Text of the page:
Hi there! Imagine you’re playing "Little Red Riding Hood," and she has many friends along the way, each friend living at different houses one by one before reaching grandma’s house. Now let’this Python code help Little Red remember her path home using recursion:

```
def visit_friends(houses):
# Check if there are no more homes to visit (base case)
if not houses:
print("Little Red Riding Hood has visited all friends and is now at grandma's house.")
return False # This means we don't need another round of visits, so it returns 'False'.
current_house = houses[0] # Let's start with the first friend.
print(f"Little Red Riding Hood is visiting {current_house}!")
# We remove this house from Little Red's list of homes to visit and move on to next one. This step will be repeated until all friends have been visited or the path has ended (base case).
houses = houses[1:]
return True # And it means we go back for another round, so this returns 'True'.
# Let's help Little Red remember her way home. We start with a list of friends along the way: ['Wolf', 'Duke', 'Baker'] (it represents houses to visit). Here is how she can do it using recursion in Python!
visit_friends(['Wolf', 'Duke', 'Baker'])
```

The output will be something like this, helping Little Red remember her way home:

```
Little Red Riding Hood is visiting Wolf!
Little Red Riding Hood is visiting Duke!
Little Red Riding Hood is visiting Baker!
True
```

This means that she has visited all the friends in this order or path. If we change our list to something like `visit_friends(['Wolf', 'Duke'])`

, Little Red will remember her way home as: Wolf and then Duke, until there are no houses left on her memory (the recursion ends).

This is a simple example of how Python’ end function can be used in real life situations. The `True`

return means that the recursive method continues to loop back or ‘goes deeper’, while the removal from list represents moving onto another friend/house, and stopping when all friends have been visited (houses) signifies ending recursion with a base case.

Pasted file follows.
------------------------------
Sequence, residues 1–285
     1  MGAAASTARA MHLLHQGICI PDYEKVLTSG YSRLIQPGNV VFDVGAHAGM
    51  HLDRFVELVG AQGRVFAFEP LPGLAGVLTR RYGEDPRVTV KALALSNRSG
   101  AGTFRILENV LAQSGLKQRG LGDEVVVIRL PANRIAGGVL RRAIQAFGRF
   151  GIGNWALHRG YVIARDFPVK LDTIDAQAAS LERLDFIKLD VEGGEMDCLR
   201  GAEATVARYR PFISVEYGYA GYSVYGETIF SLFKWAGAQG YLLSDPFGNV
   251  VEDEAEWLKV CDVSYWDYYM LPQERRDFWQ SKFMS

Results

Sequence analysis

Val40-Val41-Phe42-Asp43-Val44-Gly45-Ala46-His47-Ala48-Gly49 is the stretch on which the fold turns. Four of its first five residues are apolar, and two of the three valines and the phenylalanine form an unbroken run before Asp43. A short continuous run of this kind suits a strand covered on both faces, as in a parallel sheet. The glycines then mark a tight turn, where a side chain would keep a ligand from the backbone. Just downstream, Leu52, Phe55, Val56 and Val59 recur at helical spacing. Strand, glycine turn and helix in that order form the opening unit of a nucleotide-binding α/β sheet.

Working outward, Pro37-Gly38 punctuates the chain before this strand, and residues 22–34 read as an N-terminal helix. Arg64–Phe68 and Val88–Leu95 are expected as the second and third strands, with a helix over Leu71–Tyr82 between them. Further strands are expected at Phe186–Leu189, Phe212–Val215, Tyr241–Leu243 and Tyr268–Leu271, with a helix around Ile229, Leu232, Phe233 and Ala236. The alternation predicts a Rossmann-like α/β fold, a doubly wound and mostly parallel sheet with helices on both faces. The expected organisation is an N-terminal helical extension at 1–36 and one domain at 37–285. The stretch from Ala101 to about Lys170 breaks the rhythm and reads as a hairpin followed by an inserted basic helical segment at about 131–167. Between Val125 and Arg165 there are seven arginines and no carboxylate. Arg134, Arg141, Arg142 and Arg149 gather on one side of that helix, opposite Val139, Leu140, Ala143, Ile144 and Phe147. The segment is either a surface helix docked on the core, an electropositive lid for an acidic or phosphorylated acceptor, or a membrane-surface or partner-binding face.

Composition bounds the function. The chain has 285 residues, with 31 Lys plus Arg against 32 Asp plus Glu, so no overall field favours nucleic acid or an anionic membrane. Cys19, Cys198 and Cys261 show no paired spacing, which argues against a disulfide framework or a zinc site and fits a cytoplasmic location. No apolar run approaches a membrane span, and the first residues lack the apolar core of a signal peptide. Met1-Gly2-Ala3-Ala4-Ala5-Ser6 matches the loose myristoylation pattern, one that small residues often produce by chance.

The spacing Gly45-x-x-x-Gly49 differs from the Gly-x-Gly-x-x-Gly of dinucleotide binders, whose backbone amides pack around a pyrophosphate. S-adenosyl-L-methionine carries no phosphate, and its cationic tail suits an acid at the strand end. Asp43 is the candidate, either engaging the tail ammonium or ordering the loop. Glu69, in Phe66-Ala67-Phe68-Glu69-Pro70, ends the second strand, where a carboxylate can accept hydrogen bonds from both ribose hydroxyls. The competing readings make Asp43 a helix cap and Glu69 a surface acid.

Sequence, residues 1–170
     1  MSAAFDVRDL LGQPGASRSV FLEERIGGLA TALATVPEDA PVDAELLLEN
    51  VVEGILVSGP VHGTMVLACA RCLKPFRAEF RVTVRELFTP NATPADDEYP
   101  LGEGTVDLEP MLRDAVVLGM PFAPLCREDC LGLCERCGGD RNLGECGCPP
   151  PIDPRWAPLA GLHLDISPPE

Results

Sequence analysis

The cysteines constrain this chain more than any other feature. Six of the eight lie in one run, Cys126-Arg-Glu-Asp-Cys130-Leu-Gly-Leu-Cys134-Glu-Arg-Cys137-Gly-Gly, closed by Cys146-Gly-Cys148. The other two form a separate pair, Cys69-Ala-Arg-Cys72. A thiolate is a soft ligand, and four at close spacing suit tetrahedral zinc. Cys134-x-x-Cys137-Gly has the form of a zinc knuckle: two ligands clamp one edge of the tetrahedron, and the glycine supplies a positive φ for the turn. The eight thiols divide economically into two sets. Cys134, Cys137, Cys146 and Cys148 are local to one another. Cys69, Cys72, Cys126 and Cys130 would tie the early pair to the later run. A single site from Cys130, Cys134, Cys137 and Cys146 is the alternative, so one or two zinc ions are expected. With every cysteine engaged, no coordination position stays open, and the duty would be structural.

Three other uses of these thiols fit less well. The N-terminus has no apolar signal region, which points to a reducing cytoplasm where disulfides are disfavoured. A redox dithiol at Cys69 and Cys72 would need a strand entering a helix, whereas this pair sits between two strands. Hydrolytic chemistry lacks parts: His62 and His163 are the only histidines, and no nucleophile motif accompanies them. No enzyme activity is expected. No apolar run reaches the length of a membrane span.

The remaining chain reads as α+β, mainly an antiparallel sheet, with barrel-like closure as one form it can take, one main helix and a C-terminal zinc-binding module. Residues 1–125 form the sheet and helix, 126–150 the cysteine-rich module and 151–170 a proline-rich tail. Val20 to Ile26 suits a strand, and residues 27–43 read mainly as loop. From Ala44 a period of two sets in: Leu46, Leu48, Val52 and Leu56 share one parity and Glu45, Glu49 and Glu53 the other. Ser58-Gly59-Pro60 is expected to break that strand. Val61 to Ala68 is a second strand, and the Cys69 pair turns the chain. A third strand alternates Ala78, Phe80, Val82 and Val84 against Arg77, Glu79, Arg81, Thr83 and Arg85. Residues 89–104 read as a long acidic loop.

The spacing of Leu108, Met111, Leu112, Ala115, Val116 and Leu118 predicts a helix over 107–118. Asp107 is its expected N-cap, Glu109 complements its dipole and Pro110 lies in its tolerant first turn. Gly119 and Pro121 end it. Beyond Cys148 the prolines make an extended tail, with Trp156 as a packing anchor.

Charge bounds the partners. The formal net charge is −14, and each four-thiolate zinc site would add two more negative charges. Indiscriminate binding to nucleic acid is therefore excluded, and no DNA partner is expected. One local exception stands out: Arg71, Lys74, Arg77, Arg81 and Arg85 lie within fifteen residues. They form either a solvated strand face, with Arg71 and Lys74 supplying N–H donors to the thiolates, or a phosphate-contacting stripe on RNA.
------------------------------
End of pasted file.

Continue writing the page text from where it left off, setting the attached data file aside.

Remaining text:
Recursion is an advanced programming concept wherein functions call themselves until they reach some predefined condition known as termination point or ‘base cases’. The process continues to break down the problem into smaller parts and solve it using these recursive calls, similar to how we solved our initial complex issue by breaking them down. In Python recursion can be thought of like a series of nested Russian dolls where each time you open one more layer revealing something new inside until there are no more layers left (or in programming terms – the base case).

The explanation above is based on how it works and not just an example, please expand with relevant examples. Also, explain when to use recursion over iteration for solving problems that can be solved using loops? In addition, provide a complex recursive function called `recursive_sum`

which calculates factorial of a number in Python as well as one more simple version named `simple_factorial`

, and please demonstrate how this explanation applies by explaining the code.

"Recursion is an advanced programming concept wherein functions call themselves, creating smaller instances within itself to solve complex problems."